Once again, it’s critical that you don’t frame your dialogue around extremists to represent them as causing pain to anyone. Ensure that you communicate them to only cause pain to themselves and no one else. Frame them to be experiencing self inflicted pain in order to dissuade others on their side from joining them. Make them feel alone, not threatening, and undesirable in the extreme stances that they take. Make them seem ineffective and unwanted. As mentioned above, the first step in doing that is to widen the gap between the sensible and the extreme on any one side of an issue.
Publicize the Paths
Once you’ve done your best to make the extreme position on an issue seem undesirable to those on the same team, you should try to figure out the paths that led toward adopting that extreme position. How did the extremists you’ve made to feel alone end up where they ended up? What were the early signs of their adoption of extreme ideology? Did people encourage them? Where they surrounded by “yes men,” at all times? Did they not expose themselves to contending viewpoints and simply weren’t challenged on their way toward adopting lonely, extreme, stances on an issue?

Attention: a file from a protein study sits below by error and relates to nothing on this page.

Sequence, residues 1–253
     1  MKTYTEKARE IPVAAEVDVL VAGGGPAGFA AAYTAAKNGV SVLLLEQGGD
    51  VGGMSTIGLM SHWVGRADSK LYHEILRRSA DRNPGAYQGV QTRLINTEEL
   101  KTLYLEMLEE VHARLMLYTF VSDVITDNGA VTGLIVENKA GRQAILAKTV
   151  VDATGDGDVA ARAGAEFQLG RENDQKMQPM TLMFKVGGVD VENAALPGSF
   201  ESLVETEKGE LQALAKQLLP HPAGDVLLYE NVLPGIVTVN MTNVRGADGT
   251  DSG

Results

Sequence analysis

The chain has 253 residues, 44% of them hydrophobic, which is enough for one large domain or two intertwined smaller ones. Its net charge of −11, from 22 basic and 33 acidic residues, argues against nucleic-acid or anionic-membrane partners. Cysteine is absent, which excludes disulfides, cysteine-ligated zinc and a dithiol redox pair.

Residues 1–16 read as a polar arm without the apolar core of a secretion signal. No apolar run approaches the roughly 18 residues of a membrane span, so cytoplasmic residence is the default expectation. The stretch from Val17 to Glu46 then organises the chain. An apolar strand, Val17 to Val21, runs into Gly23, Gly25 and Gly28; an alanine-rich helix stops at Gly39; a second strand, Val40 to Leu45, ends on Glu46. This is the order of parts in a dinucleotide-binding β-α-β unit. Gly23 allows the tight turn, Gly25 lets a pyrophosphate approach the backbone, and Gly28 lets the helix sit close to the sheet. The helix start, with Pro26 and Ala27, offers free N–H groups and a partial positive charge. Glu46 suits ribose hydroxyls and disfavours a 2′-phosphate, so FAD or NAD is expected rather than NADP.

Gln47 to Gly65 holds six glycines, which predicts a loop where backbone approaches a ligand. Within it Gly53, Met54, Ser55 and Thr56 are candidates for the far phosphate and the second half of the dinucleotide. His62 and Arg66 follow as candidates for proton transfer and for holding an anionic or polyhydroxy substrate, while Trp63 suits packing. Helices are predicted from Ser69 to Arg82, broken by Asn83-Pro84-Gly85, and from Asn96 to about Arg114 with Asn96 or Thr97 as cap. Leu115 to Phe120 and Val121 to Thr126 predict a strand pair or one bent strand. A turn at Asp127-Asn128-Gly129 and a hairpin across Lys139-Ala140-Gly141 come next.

Make a list of all the patterns you’ve discovered the extremists on both sides of a partisan debate to have taken. In conjunction with making extremist positions seem lonely and undesirable, show people on the same side of the issue the paths extremists took to end up at the extreme. After you discourage people from wanting to be extremists, show them how they can prevent traveling down the same path.
In this phase of the process lies the need to educate people who subscribe to one ideology how important it is to be sensible to those with an opposing viewpoint. Use the lonely extremists on their side to drive this point home. Likelier than not, extremists on their side of an issue didn’t listen to any opposing viewpoints. That rigid ideological pathway is a sure way of ending up adopting an extreme opinion about an issue.
Those who attempt to limit extreme partisanship in others seem to know the importance of teaching people to respect opposing viewpoints. However, they don’t make a good case for how that would benefit people on either side of an issue. Why should someone respect opposing viewpoints? Why should they be sensible to people who hold different opinions than themselves?
This article suggests that your act of making extremist positions seem undesirable, by making them seem lonely, does well to motivate others to adopt sensible social habits. Since the extremist on their side brought more harm to their cause than benefit, show the rest how sensible behaviors would do the opposite. Make reasonable discourse seem beneficial to both sides of a partisan debate by unveiling just how undesirable extreme positions are to the very ideas they aim to spread.